Export 20% mealie meal, millers told
Written by millennium on March 30, 2021
OLIVER SAMBOKO writes
GOVERNMENT has allowed millers in the country to export 20 percent of their mealie meal to the foreign market.
Agriculture Minister Michael Katambo however said only millers with own maize will be allowed to participate under the arrangement as per agreement with the Millers Association of Zambia.
He assured the country that maize stocks including the FRA strategic reserves indicated that the country was food secure up to October 2021.
Mr Katambo advised millers interested in exporting maize to source their own maize from the open market where maize is readily available.
Meanwhile, Zambia Consumer Association (ZACA) executive secretary Zuba Sakala has warned that lifting the ban on export of Mealie meal if not well handled may trigger food shortages and price hikes of the staple food,
Mr Sakala said government should tread with caution before allowing export of mealie meal to avoid causing a serious disruption in food supply chain.
He said the lifting of mealie meal export ban has also potential to cause serious food insecurity apart from spurring price hikes further as millers will resort to selling their products outside to earn more profit.
“Before lifting the export ban on mealie meal, Government should have ensured that all the loopholes are sealed to avoid abuse of the program by some unscrupulous individuals who want to take advantage of a good intention,” said Mr Sakala.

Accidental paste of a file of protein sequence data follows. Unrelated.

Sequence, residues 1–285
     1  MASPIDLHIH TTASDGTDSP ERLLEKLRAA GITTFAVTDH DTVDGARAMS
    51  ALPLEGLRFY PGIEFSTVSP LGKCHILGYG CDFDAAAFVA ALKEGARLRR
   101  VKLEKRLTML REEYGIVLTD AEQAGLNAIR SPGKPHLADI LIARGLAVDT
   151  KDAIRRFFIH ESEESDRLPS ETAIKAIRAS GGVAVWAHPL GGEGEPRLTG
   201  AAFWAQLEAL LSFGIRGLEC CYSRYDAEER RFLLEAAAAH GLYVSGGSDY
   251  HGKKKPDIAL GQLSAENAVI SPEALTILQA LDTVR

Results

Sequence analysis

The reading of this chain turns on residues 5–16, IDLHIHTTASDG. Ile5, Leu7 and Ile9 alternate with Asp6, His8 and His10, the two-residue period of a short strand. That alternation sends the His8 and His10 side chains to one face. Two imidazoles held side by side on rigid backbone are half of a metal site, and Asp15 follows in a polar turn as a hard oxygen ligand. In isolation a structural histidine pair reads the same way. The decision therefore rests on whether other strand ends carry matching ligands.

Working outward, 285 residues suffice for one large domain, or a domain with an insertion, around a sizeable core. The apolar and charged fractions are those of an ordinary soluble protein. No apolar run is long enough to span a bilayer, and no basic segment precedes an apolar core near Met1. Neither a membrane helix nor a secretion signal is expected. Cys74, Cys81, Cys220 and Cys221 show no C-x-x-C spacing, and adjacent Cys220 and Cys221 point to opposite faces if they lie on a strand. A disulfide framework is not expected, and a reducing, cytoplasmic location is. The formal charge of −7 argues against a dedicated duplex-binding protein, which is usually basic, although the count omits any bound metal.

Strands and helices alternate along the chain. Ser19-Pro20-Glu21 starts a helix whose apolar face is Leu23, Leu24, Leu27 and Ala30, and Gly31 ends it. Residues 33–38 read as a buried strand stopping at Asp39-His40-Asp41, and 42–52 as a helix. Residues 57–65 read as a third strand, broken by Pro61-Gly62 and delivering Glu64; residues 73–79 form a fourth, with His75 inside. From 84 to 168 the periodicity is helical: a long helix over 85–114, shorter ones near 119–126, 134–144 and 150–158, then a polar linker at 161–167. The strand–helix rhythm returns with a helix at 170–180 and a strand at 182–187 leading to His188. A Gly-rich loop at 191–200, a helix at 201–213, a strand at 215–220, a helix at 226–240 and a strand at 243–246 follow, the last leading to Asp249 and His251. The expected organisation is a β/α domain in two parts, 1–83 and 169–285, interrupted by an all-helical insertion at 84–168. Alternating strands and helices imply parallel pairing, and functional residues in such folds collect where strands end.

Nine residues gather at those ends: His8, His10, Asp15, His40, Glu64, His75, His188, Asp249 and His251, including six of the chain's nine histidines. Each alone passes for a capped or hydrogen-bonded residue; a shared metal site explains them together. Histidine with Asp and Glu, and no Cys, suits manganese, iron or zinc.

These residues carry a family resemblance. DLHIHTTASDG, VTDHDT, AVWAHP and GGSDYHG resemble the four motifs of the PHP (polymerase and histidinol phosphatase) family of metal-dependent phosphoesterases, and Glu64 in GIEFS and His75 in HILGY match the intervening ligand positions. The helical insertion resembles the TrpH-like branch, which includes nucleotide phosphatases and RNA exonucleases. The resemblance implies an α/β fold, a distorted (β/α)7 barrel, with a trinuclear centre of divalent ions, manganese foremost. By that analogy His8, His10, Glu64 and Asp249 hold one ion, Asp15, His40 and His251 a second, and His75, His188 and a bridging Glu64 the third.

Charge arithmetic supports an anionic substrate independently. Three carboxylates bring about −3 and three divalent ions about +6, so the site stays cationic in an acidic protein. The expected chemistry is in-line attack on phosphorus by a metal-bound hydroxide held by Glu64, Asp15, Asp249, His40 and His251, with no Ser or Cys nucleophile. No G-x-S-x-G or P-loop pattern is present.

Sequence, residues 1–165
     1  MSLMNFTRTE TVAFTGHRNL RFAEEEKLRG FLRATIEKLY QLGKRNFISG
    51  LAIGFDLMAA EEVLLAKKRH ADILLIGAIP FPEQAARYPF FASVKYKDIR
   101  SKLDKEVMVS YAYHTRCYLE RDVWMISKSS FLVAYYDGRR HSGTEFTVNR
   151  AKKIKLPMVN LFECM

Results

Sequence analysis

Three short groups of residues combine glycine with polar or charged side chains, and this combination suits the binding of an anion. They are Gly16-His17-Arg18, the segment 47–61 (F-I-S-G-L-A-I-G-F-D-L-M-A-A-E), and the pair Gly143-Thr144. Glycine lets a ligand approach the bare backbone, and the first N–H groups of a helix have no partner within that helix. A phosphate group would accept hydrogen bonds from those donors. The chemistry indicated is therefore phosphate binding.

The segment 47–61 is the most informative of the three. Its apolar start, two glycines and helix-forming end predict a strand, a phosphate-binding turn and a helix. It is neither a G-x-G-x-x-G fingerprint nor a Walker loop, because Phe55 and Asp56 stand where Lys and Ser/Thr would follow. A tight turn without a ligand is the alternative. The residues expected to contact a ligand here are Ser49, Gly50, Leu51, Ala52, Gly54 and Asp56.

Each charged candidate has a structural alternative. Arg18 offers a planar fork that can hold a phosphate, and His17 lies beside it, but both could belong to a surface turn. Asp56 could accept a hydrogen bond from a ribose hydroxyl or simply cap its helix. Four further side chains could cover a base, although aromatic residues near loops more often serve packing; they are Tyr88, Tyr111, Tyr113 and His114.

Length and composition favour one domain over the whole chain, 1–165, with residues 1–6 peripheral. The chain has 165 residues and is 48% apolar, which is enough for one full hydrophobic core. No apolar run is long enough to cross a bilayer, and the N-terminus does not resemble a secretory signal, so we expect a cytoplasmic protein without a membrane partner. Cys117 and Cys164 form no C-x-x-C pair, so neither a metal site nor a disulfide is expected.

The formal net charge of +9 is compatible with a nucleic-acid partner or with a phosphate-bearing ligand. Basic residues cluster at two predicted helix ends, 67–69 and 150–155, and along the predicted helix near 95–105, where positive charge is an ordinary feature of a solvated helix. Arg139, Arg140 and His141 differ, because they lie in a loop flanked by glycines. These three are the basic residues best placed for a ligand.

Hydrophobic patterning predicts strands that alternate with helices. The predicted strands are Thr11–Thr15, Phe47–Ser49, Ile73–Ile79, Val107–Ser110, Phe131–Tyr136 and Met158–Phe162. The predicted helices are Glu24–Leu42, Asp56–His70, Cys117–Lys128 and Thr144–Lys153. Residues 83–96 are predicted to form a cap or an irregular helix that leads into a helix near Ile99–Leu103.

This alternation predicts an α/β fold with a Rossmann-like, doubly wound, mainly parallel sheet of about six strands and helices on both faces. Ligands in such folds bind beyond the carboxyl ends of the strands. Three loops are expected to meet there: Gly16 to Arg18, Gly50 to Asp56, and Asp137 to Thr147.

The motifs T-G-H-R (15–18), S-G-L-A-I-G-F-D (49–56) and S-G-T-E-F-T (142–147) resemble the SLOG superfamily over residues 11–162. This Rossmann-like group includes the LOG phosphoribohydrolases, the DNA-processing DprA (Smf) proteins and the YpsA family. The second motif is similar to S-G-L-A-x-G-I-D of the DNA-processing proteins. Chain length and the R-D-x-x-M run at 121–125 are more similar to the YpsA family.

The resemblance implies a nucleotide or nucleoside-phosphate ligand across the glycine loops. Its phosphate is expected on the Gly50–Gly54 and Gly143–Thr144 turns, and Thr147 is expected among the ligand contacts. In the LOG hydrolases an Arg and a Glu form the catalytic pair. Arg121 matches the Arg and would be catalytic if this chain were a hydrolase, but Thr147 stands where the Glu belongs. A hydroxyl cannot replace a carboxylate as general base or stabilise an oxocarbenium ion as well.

He said while his association was not totally against export of excess mealie meal, but of the view that Government should ensure the exports are restricted so that it does not affect local supply.
“Millers will concentrate on exporting because they will be making more money from exports than they are fetching on the local market,” he said adding that this will also certainly result in the shortage of mealie meal in the country.
Mr Sakala said Government should also ensure that a more comprehensive study is done to ascertain the amount of maize stocks in the country before any export of mealie meal is allowed.
Mr Sakala said only millers should be allowed to export because allowing everyone to do so will trigger mealie meal shortage.
“Once this happens, the people to suffer are the majority poor who will not be able to afford the high price of the staple food,” he said.